Annemieke Aartsma-Rus, Alejandro Garanto, Willeke van Roon-Mom, Erin M. McConnell , Victoria Suslovitch, Winston X. Yan, Jonathan K. Watts, Timothy W. Yu, and on behalf of the N = 1 Collaborative https://doi.org/10.1089/nat.2022.0060
Antisense oligonucleotides (ASOs) can modulate pre-mRNA splicing. This offers therapeutic opportunities for numerous genetic diseases, often in a mutation-specific and sometimes even individual-specific manner. Developing therapeutic ASOs for as few as even a single patient has been shown feasible with the development of Milasen for an individual with Batten disease. Efforts to develop individualized ASOs for patients with different genetic diseases are ongoing globally. The N = 1 Collaborative (N1C) is an umbrella organization dedicated to supporting the nascent field of individualized medicine. N1C recently organized a workshop to discuss and advance standards for the rigorous design and testing of splice-switching ASOs. In this study, we present guidelines resulting from that meeting and the key recommendations: (1) dissemination of standardized experimental designs, (2) use of standardized reference ASOs, and (3) a commitment to data sharing and exchange.
Antisense oligonucleotides (ASOs) offer the unique opportunity for sequence-specific targeting of gene transcripts. This can be exploited to reduce expression of transcripts that give rise to toxic gain-of-function proteins via activation of RNase H, or to modulate RNA splicing to promote or restore expression of partially or fully functional proteins for diseases caused by haploinsufficiency or complete loss of proteins . As such, ASOs offer potential treatment avenues for a plethora of common and rare genetic diseases, in particular those impacting the liver, central nervous system, and retina, tissues to which ASOs can be delivered efficiently. GalNac conjugates allow very robust ASO uptake by hepatocytes after systemic delivery, whereas local delivery is sufficient for broad uptake within the central nervous system and retina (via intrathecal or intravitreal injection, respectively) . Although local treatment is invasive, a low rate of ASO turnover allows for relatively infrequent dosing: every 3–4 months for the central nervous system and 6 months for the eye.
Several oligonucleotides that require intravitreal or intrathecal delivery have received marketing authorization by the Food and Drug Administration (FDA) to treat eye and motor neuron diseases (fomivirsen, Macugen, and nusinersen) . However, it has also demonstrated that it is possible to use ASOs to treat genetic mutations found in as few as an individual patient carrying a unique mutation within an academic setting . Milasen, developed at Boston Children's Hospital, was a mutation-specific ASO for a child with Batten disease who carried an intronic mutation in the MFSD8 gene that resulted in cryptic splicing.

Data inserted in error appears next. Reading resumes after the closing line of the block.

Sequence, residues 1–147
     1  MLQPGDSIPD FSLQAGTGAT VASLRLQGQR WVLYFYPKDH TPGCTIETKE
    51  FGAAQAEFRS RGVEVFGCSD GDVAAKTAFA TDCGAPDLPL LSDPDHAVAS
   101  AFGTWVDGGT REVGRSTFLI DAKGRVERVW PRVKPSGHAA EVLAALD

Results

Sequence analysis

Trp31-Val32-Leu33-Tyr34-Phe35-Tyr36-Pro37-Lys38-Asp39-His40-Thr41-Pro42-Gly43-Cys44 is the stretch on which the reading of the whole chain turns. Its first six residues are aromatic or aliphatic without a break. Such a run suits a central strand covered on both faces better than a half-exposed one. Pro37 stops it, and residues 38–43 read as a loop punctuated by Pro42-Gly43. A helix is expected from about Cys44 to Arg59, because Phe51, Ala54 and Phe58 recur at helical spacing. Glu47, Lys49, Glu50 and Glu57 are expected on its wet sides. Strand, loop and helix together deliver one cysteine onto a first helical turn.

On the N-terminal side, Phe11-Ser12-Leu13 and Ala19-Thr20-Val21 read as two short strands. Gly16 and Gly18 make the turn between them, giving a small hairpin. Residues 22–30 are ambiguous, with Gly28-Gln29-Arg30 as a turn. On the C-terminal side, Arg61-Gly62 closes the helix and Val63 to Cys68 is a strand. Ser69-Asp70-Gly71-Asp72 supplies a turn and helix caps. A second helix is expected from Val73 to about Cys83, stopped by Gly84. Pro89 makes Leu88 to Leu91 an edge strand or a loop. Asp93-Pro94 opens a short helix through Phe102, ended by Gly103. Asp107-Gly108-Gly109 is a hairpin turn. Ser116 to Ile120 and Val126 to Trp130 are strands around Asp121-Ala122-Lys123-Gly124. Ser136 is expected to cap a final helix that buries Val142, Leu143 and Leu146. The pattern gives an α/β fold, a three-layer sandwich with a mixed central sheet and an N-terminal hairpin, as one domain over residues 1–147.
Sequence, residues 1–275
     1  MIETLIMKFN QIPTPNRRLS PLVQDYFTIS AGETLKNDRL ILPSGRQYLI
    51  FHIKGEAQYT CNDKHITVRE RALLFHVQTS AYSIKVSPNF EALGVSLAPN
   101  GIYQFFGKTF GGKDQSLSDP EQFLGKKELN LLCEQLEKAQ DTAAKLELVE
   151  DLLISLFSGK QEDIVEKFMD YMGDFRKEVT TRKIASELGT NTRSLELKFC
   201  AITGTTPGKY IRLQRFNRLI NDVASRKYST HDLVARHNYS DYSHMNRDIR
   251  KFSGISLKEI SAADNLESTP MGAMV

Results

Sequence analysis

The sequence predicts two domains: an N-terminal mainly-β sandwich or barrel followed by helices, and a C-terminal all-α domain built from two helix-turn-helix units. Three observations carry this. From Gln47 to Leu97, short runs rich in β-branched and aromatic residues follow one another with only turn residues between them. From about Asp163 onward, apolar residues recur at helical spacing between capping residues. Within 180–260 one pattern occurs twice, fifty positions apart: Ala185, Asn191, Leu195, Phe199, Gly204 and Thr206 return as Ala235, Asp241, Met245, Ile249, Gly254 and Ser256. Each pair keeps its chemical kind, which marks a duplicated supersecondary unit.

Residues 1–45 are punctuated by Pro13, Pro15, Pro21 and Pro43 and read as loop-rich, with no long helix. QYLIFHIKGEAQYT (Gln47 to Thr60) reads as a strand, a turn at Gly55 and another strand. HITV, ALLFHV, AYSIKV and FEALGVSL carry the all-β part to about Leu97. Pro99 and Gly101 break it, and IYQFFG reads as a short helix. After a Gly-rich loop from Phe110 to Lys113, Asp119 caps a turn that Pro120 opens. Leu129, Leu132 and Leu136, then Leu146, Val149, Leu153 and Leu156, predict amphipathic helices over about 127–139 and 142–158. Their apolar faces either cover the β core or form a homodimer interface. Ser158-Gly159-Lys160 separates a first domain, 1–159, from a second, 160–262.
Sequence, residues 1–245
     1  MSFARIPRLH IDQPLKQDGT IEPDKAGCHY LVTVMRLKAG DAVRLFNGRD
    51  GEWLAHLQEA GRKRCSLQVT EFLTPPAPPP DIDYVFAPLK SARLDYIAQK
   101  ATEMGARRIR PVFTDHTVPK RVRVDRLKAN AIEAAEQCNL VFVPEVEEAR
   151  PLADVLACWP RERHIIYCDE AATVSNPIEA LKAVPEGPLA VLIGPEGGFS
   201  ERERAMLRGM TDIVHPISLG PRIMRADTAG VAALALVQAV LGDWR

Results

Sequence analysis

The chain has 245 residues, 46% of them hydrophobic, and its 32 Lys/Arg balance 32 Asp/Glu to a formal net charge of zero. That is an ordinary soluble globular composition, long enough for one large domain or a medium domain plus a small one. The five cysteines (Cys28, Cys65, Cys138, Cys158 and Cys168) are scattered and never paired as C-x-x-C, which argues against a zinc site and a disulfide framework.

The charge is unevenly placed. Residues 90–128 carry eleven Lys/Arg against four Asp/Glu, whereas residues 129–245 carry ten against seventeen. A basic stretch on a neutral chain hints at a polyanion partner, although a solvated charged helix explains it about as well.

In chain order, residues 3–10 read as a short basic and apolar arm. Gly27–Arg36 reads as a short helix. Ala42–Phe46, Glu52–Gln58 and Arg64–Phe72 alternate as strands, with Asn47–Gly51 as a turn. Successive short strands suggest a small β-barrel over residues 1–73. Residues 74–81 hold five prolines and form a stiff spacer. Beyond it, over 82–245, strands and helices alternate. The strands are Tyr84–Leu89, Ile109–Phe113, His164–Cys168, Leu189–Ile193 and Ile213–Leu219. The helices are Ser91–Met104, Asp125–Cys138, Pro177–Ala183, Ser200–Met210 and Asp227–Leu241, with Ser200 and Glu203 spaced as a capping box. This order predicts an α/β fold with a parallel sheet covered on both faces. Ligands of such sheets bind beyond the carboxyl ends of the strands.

ASOs targeting the cryptic exon were designed and resulted in restoration of normal splicing and protein production when tested in patient-derived cell lines. After rat safety studies, an investigational new drug application (IND) was filed with the FDA, and investigational treatment with Milasen was initiated less than a year after discovering the pathogenic variant. Milasen administration was associated with a clear drop in the frequency and duration of epileptic seizures and a slower functional decline . However, due to the late stage of her disease, Milasen could not reverse accumulated neuronal damage, and ultimately, the patient passed away 3 years later, although with improved quality of life.
Inspired by this example, initiatives such as n-Lorem were established  and also academic groups set out to develop N = 1 ASOs for individual patients such as the Dutch Center for RNA Therapeutics and the “1 Mutation 1 Medicine” (1M1M) initiative , and results of academic initiatives to develop individualized ASOs for FUS and C9orf72 amyotrophic lateral sclerosis have been published [6,7]. The N = 1 Collaborative (N1C) was set up as an umbrella organization to align and facilitate individualized treatment development efforts by sharing best practices and learning from successes and failures. N1C aims to provide tools for the different steps involved in N = 1 ASO development such as guidelines for patient/mutation selection, preclinical ASO design and testing, safety and toxicity tests, and regulatory aspects, as well as a toolkit to measure treatment effects in individual patients.
To develop consensus, interactive workshops on specific topics are organized by the N1C. Each workshop is attended by stakeholders involved in N = 1 ASO development: researchers in academia and industry, clinicians, foundations, and patients and their family members. While topics of specific workshops may appeal more to some stakeholders, N1C aims to solicit input from all stakeholder groups to inform and advance best practices for N = 1 ASO development.
This article is the result of an N1C workshop on ASO design and preclinical testing that was held online on July 25, 2022. The workshop covered both exon skipping and RNase H ASOs with the goal of advancing standards for development that are simultaneously rigorous and efficient (reflecting the clinical needs of patients involved in these early efforts, who often have rapidly progressive diseases for which “time is neurons”). This article will focus on the design of exon skipping ASOs, while an accompanying forthcoming article will focus on RNase H ASOs.
We envision a future where individualized medicine centers around the world routinely offer patients customized treatments targeting their condition’s underlying genetic cause.